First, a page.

“Come Back with a Warrant” Should be Your Mantra When Law Enforcement is at Your Door

The 4th Amendment protects you from law enforcement entering your home without a warrant EVEN if they suspect you OR a significant other of a crime. In a recent case in Northern Michigan, the police threatened the wife of a client with criminal charges if she did not let them into the house to look for her husband. They believe that he walked away from an auto accident because he was driving drunk. She came out after nearly 20 minutes of coercion. Her husband also came out because he was afraid that she would be arrested. Instead, he was cuffed and stuffed, as they say. We filed a motion and the prosecutor agreed, dismissing the drunk driving charge and allowing the client to accept a plea to failing to report an accident. The cases at the federal level and the state level are Florida v Jardines and People v VanDoorn respectively. The courts have held that entering onto your property and knocking on your door late at night is a trespass. If the trespass is conjoined with an information-gathering function, then the 4th Amendment is violated. You should stand your ground and do not let police bully you into thinking you will be in trouble if you do not answer the door, come out of the house or invite law enforcement inside: “come back with a warrant” goes a long way especially if it is said respectfully. Not that it is relevant to the constitutional analysis: but the client blew UNDER the legal limit – just barely but under.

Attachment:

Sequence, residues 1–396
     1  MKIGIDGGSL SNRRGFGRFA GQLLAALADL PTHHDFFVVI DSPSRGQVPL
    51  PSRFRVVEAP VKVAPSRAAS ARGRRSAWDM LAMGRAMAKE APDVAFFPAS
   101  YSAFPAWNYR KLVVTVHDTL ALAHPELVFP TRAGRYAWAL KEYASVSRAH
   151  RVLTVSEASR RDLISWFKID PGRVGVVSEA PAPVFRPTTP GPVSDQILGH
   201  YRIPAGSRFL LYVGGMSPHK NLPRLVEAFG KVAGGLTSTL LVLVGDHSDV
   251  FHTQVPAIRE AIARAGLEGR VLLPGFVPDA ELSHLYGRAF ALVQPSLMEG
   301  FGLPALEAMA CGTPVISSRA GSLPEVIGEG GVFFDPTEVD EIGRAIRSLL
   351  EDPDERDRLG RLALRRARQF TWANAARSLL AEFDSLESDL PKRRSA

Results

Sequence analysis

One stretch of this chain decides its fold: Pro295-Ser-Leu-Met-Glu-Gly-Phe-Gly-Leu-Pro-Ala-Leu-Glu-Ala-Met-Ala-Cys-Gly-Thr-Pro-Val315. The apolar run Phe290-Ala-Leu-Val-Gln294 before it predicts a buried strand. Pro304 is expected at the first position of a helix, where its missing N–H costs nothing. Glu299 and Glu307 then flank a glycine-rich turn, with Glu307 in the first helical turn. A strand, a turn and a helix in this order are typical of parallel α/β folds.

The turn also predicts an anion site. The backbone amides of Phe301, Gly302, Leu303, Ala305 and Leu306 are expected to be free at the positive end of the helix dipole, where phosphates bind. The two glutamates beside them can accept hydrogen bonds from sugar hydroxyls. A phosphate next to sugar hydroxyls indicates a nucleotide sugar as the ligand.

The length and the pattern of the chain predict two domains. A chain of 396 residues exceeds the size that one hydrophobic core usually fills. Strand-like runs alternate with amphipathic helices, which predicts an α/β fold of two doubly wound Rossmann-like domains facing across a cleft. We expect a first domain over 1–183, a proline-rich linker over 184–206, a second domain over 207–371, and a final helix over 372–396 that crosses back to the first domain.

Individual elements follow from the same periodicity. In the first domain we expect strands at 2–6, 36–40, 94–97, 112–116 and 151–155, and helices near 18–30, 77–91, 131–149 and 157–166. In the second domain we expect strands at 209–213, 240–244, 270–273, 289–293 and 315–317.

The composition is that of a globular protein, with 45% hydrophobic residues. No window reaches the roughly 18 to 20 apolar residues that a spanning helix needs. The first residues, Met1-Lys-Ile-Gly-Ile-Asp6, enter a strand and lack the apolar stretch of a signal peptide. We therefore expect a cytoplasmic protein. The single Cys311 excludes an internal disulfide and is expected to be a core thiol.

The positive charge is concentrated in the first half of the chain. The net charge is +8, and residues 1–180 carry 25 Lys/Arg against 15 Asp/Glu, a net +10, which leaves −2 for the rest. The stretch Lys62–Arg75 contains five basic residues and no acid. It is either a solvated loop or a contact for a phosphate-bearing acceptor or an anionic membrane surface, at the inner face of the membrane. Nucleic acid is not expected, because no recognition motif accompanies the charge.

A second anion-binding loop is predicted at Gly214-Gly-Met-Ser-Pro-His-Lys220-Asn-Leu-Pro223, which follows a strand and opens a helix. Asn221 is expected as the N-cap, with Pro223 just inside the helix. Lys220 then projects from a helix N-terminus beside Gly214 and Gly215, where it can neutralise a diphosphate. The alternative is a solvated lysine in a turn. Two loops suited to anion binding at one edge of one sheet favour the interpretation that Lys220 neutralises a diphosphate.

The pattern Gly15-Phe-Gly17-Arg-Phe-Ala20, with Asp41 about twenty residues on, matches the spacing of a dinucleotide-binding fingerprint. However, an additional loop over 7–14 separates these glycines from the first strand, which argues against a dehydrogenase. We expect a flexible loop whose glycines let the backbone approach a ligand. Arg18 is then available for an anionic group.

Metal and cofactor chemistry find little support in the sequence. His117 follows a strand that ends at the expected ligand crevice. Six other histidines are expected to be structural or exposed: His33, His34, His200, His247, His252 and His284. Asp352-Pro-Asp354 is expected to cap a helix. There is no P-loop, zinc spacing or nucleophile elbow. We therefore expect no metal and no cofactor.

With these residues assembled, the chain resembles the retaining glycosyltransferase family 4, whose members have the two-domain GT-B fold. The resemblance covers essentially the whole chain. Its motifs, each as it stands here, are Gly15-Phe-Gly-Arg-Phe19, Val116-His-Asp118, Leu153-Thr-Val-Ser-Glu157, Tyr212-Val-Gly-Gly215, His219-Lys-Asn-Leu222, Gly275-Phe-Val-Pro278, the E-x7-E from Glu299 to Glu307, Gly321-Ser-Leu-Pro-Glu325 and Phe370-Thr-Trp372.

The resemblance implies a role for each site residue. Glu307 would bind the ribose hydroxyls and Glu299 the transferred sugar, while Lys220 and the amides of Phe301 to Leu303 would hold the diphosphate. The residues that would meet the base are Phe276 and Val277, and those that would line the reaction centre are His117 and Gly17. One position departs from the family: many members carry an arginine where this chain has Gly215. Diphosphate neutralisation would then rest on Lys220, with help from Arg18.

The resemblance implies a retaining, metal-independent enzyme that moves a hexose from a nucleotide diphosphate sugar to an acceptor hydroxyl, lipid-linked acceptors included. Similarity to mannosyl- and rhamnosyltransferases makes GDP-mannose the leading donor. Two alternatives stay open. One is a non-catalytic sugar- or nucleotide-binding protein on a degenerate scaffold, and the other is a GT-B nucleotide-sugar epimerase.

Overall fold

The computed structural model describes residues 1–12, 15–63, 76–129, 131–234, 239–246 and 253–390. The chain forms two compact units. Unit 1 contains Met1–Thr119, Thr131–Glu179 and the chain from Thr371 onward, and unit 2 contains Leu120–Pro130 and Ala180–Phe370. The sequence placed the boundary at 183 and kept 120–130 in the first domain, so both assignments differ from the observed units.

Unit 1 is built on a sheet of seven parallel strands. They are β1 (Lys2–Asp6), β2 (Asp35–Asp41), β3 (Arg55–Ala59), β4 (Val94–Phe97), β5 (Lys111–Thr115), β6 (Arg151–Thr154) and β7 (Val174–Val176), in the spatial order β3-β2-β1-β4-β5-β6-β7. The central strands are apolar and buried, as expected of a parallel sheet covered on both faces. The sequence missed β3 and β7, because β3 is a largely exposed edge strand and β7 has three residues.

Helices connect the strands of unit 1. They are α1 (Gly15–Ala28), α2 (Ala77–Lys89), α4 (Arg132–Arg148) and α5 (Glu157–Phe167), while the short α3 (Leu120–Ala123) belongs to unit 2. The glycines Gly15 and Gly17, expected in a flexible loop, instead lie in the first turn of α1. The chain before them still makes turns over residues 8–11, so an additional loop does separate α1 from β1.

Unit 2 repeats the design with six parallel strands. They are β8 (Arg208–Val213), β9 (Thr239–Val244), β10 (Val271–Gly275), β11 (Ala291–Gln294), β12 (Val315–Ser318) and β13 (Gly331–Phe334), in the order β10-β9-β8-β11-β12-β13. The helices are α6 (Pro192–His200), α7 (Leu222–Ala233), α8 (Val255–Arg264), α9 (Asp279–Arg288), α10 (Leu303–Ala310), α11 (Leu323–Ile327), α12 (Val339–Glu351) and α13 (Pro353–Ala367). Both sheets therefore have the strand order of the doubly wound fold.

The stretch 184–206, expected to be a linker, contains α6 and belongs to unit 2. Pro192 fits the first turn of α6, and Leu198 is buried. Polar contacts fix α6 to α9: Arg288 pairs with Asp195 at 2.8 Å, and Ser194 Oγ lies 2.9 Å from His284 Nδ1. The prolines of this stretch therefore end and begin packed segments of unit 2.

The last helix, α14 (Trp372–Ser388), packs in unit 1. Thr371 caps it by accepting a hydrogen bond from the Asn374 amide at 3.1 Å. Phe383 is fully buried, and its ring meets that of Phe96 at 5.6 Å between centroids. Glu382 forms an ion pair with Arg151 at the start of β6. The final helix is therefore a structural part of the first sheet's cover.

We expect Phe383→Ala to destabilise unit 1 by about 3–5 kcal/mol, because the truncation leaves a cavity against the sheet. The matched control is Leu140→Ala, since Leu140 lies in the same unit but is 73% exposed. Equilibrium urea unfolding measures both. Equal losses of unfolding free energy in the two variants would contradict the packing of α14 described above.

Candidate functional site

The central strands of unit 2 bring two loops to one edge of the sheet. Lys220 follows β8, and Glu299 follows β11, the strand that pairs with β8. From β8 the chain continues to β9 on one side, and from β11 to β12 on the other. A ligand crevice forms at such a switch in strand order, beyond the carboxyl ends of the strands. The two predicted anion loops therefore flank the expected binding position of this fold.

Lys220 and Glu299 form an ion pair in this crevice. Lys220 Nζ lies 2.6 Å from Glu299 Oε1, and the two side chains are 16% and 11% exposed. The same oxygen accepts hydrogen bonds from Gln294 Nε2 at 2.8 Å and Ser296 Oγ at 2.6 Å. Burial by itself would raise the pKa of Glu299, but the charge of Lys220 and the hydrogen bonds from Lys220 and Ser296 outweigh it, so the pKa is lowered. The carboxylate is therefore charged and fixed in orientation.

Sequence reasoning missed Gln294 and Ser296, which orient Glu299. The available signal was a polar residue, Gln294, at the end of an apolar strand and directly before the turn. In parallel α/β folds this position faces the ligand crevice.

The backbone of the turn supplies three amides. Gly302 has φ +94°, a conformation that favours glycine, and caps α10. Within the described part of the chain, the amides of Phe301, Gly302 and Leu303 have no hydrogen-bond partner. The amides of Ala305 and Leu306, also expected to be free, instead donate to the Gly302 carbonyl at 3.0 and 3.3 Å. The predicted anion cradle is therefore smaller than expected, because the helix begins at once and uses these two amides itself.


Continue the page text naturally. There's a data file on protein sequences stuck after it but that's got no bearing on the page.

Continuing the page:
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Peer Recognition

Mike Nichols is a national leader in drunk driving defense. He is a member of the Forensic Committee and Michigan delegate to the National College for DUI Defense. He is also a Sustaining Member of the College. Nichols is also a founding member of the Michigan Association of OWI Attorneys; a member of the American Chemical Society; an associate member of he American Academy of Forensic Science, Adjunct Professor of Forensic Evidence in Criminal Law and OWI Law and Practice at Cooley Law School. He is also author of the West OWI Practice book and several chapters in other books on science and the law.

Mike Nichols is recognized by his peers in Michigan as a “SuperLawyer” in DUI/Criminal Defense. Nichols has also been asked to speak at conferences by groups such as the NCDD; Various Bar Associations in other states.